Brief Fact Summary.
Baldwin and several other Montana residents sued the Fish & Game Commission of Montana for violation of the Privileges and Immunities Clause of Art. IV § 2.
Synopsis of Rule of Law.
Privileges and Immunities does not include protecting out of state residents from higher fees for hunting licenses.
And a State's interest in its wildlife and other resources must yield when, without reason, it interferes with a nonresident's right to pursue a livelihood in a State other than his own, a right that is protected by the Privileges and Immunities Clause.View Full Point of Law
Montana charged out of state residents significantly more (7 1/2 to 25 times more) for elk and deer hunting licenses than it charged state residents. Lester Baldwin was a Montana outfitter and hunting guide. Baldwin and several other Montana residents sued the Fish & Game Commission of Montana for violation of the Privileges and Immunities Clause of Art. IV § 2.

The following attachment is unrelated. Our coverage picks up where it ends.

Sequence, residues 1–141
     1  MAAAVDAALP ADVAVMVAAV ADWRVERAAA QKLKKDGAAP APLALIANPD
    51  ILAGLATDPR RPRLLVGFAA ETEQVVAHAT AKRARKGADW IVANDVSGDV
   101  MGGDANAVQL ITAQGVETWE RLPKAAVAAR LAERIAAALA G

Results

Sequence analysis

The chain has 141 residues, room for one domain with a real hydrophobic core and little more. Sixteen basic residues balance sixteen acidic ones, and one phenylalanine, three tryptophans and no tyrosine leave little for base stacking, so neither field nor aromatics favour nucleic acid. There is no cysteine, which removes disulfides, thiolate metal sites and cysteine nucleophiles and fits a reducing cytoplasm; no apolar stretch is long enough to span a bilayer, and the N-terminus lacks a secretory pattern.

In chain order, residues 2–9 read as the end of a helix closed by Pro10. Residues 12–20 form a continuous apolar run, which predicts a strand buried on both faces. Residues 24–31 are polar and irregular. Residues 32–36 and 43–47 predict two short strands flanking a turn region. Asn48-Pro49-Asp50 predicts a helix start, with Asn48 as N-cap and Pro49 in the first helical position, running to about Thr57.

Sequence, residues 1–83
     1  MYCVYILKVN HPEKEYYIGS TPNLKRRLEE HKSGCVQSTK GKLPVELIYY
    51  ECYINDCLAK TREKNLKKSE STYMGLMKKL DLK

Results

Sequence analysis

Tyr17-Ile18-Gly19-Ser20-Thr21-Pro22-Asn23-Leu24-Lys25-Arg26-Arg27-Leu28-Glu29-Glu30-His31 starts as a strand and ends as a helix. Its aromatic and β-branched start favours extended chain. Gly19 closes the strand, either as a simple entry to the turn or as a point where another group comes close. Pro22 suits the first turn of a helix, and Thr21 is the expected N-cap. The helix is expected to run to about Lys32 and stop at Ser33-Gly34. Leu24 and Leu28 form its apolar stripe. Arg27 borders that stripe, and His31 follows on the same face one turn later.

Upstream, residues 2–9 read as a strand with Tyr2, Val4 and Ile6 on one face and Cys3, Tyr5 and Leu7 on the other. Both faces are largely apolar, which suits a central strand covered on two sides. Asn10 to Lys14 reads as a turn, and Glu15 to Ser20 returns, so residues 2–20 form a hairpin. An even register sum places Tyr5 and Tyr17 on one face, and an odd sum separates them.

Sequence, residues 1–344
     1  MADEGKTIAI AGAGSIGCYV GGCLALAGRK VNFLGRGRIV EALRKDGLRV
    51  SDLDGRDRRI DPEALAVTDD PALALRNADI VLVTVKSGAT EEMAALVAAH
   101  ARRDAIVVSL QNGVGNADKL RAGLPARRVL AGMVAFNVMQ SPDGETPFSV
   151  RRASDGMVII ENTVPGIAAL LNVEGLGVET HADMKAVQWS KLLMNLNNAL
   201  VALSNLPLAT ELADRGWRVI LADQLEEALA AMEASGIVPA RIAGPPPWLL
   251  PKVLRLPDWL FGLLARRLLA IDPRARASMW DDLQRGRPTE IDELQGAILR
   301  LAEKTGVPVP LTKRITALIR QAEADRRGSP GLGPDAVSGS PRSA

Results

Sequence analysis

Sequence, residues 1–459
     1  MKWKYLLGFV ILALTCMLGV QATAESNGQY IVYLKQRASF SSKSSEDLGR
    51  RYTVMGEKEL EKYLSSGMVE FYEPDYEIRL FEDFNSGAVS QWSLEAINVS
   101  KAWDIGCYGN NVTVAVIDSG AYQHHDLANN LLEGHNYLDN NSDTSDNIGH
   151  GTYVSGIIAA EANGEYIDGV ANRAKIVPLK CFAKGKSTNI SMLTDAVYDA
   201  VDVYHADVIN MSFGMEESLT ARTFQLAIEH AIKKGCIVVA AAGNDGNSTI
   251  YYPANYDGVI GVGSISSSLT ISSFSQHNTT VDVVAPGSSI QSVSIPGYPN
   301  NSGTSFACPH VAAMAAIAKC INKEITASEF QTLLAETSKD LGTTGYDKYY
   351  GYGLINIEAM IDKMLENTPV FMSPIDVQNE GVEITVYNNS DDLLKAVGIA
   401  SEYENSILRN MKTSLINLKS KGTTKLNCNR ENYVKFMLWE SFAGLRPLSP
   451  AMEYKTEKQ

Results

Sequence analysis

Does Montana’s charging out of state residents higher fees for hunting licenses violate the Privileges and Immunities Clause?
No, the Privileges and Immunities Clause does not apply to this situation.
The Privileges and Immunities Clause has not been fully delineated, but it is understood to prevent a state from imposing unreasonable burdens on citizens of other states for things that go on in that state, for the ownership of property in the state, and for access to the courts of that state.
But there are some areas that are okay for a state to distinguish between their citizens and the citizens of another state (eg. voting rights, holding state office).
Elk are a limited resource that Montana has an interest in protecting, and hunting licenses do not fall within the purview of the Privileges and Immunities Clause.